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Old 07-11-2019, 05:31 AM   #1
wdodge0912
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Default New here, looking at a Subaru

Hello, I'm New Here! the names Weston

Anyways, I'm looking to get a Subaru, preferably a AWD Wagon of some kind. I'm here to ask some questions I have about what to look for on these, like common issues, and also what I can do tonone once I have it.

Right now My wife and I have a 2017 Equinox we call Nox, and a Dodge Stratus. We got Nox when my Zr2 S10 pickup took a puke. The srtatus is beat up body wise, some are looking to replace that, the wife just got a new job that requires she has access to a decent vehicle. The status is mechanically sound for the most part, but the outside is pretty banged up. She takes Nox to work when she has to, otherwise it's "my" vehicle. But she want to get rid of her stratus, give me something, and take over Nox.

There are 2 reasons I want an AWD wagon of some kind, and leaning towards a Subaru.

I want the AWD as I miss the go anywhere of my old S10. I didnt offroad it, it it was more the Snow conquering in the winter, as well as when I park on the soggy side if the road. Wanting a wagon (and the soggy roadside part) is my hobby of RC warships. I go battle my ship year round, and all my junk should fit in a wagon, and since I park on the side of the road for the battles, I just dont want to get stuck.

Anyways, I'm eyeballing an 06 Impreza 2.5I Sport Wagon. Is there anything particular I should look for in this that may be a common problem? kind of a something that would end up costing a bunch shortly after getting it?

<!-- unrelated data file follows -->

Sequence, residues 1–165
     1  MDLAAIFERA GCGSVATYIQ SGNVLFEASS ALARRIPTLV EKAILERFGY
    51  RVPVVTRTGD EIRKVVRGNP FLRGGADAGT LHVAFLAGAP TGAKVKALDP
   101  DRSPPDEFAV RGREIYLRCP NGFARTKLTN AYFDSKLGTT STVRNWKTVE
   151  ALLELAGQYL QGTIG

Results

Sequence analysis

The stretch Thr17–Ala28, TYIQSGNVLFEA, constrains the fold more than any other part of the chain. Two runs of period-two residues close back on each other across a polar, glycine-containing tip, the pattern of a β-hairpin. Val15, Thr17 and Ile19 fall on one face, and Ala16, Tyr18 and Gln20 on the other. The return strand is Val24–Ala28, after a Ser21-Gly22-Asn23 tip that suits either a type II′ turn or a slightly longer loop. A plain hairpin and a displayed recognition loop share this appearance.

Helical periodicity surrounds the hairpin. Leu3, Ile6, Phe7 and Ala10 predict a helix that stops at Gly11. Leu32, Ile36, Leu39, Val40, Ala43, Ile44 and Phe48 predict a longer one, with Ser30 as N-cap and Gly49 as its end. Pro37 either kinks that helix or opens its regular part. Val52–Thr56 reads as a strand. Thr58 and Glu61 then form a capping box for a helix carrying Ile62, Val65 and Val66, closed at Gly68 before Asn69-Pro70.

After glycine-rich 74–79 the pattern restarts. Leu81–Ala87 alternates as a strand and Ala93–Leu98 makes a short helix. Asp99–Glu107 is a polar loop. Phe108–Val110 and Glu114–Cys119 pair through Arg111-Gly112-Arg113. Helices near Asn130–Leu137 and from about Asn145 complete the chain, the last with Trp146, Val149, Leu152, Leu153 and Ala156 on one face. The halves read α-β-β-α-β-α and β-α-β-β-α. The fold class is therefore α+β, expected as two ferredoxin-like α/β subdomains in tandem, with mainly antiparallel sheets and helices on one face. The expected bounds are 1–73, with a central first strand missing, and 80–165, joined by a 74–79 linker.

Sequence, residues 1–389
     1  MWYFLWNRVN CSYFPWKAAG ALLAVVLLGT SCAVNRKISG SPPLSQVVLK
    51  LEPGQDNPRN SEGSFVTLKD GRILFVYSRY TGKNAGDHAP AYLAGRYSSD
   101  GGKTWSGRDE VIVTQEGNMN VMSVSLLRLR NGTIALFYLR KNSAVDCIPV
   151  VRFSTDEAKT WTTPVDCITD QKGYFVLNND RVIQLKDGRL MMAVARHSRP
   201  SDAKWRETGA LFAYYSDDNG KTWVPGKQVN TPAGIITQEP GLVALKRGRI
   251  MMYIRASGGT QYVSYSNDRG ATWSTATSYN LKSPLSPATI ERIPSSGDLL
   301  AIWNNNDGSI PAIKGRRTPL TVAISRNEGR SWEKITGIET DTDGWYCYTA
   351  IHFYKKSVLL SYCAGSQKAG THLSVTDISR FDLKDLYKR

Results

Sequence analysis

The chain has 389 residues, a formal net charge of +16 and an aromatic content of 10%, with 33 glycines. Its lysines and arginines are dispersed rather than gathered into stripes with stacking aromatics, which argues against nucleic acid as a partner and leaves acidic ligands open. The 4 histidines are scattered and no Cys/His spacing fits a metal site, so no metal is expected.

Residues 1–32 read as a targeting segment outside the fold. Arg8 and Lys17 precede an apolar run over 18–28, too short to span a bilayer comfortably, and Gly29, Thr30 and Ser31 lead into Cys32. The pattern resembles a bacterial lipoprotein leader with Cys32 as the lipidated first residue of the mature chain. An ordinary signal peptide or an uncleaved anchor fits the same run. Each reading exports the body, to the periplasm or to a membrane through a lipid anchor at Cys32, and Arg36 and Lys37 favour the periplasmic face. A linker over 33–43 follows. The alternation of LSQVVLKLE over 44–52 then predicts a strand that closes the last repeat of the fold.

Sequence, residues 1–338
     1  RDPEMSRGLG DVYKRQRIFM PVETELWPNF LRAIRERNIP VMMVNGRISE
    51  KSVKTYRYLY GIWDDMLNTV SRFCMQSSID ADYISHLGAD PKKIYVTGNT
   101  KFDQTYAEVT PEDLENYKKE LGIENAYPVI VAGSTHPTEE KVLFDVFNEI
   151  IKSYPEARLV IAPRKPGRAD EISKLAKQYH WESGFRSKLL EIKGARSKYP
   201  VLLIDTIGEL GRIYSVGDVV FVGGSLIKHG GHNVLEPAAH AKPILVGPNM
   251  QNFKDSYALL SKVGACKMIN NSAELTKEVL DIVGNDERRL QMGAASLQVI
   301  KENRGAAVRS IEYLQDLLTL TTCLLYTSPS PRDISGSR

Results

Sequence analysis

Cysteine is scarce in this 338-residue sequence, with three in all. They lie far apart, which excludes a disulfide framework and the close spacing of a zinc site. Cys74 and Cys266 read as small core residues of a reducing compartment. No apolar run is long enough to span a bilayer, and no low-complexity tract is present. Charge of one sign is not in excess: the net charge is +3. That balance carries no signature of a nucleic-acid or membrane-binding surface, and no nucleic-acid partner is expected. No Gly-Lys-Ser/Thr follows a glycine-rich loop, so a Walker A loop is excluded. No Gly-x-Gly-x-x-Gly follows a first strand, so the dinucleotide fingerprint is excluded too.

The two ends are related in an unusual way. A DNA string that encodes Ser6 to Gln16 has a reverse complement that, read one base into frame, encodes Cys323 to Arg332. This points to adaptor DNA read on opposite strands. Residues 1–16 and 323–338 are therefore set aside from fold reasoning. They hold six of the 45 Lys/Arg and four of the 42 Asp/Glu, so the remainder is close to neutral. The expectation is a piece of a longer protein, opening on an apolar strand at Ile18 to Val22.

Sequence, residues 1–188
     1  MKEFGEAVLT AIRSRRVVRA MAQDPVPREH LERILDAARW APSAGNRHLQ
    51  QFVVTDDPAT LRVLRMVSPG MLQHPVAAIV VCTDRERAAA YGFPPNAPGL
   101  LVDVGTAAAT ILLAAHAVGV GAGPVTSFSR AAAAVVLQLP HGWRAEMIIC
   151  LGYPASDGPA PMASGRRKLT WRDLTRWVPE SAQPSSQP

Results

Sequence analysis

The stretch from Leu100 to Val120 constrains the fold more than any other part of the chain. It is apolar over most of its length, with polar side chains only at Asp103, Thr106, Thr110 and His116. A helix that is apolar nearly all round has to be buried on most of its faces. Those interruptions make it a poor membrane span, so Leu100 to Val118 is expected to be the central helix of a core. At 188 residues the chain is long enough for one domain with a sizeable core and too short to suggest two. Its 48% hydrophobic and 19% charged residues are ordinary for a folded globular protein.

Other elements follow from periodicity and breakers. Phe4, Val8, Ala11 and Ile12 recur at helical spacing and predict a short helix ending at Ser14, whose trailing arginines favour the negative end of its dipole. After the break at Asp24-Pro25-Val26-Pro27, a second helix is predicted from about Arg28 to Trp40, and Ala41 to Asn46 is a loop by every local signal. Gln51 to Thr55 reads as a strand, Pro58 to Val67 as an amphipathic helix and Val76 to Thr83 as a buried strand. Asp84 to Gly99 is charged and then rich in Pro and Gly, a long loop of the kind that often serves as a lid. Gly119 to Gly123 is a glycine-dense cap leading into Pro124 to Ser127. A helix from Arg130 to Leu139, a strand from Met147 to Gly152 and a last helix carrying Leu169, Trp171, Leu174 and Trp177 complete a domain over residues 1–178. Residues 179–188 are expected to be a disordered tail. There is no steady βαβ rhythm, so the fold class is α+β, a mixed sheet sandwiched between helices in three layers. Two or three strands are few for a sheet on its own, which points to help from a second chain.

Also, I was wondering about wheels and tires. The car I'm looking at is about the same color as Nox, so I would like to get some black rims to match. I figured since I'm doing that, if there was anything I should look at doing to maybe be able to fit some more offroad-ish tires on. Like go down a rim size, but go up on the aspect ratio to fit some? I did find some General Grabber 205/75R15 tires, I had bigger ones on my S10 that I liked, so I would by them again. I'm not opposed to changing rim sizes, having the speedometer off a tad, or having it sit a little higher (or lower) as long as I dont have to do anything to the car, as it'll be a daily driver. I'm not looking to supe the car up or anything like that, just want it to be a winter road warrior, if you will. Also, I doubt I ever would, but taking it out on Silver Lake sand dunes would be awesome, if that would be at all possible, I may look I to setting it up for something like that.

Thanks in advanced for the knowledge and help!
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Last edited by wdodge0912; 07-11-2019 at 05:38 AM.
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Old 07-11-2019, 08:47 AM   #2
Jack
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It would be best to take any car you're looking at to a Subaru specialist mechanic. You're looking at pretty ancient cars, at well over a decade old, so anything from munged up wiring to rusted out shock towers are fair game. A low mileage car with an owner who didn't bother to replace the timing belt, ignoring the 105 months part means you've got a timing belt with probably a water pump and maybe tensioner to replace. If you don't do this yourself, figure between $500 and $1000. Of course with a car this old, pretty much everything that hasn't been replaced is probably close to needing it. Have the coolant tested for hydrocarbons because this is right in the prime of internally leaking head gasket time, and you won't see anything without testing. Of course, you want a compression and leak down test to know the health of the engine and heads.